Spontaneous Succession in Limestone Quarries as an Effective Restoration Tool for Endangered Arthropods and Plants

Tropek, R. et al.

Publication Date:

The view of post-mining sites is rapidly changing among ecologists and conservationists, as sensitive restoration using spontaneous succession may turn such sites into biodiversity refuges in human-exploited regions. However, technical reclamation, consisting of covering the sites by topsoil, sowing fast-growing herb mixtures and planting trees, is still commonly adopted. Until now, no multi-taxa study has compared technically reclaimed sites and sites left with spontaneous succession. Our results show that the high conservation potential of limestone quarries could be realized by allowing succession to progress spontaneously with minimal intervention. Given the threat to semi-natural sparsely vegetated habitats in many regions, active restoration measures at post-mining sites should be limited to maintenance of early successional stages, instead of acceleration of succession.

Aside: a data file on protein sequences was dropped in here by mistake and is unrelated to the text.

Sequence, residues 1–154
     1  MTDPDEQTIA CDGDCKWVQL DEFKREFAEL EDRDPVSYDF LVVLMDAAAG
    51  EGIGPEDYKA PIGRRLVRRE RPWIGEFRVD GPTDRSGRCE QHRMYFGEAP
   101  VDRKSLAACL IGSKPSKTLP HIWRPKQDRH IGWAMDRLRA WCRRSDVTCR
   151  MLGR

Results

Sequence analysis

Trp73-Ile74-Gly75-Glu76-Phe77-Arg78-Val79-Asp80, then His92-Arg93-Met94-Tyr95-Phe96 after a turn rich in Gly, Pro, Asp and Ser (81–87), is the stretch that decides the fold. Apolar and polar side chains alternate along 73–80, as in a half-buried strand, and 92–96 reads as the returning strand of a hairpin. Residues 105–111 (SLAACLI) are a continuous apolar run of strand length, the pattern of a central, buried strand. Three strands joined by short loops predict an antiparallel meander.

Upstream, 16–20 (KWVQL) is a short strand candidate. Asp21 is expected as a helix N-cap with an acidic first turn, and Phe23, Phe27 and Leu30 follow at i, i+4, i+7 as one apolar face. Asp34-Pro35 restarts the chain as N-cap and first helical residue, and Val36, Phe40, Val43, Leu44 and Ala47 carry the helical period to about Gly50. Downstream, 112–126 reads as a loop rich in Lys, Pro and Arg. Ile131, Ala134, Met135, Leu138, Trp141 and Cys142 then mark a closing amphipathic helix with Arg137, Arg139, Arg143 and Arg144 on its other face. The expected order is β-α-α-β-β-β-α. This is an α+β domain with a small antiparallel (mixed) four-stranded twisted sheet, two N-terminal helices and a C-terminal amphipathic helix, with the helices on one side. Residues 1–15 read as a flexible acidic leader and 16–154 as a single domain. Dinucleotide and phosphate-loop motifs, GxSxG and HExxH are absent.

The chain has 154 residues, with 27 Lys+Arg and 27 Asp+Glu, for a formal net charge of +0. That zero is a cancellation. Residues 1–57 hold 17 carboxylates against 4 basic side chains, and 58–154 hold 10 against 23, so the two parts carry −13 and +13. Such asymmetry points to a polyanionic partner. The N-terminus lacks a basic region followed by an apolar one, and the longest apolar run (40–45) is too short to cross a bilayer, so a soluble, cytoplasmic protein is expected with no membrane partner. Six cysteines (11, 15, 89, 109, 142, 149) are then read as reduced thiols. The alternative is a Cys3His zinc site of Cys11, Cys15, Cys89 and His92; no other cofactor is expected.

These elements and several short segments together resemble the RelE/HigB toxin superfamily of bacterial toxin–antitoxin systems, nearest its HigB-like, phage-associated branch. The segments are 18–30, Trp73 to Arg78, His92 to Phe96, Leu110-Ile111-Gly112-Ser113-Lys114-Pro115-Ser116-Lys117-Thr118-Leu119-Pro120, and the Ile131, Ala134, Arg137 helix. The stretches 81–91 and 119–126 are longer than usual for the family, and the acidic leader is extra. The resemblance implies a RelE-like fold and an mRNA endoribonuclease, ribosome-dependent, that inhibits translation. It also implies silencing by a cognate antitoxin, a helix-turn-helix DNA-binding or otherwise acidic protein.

Resource Type:
Peer-reviewed Article

Journal of Applied Ecology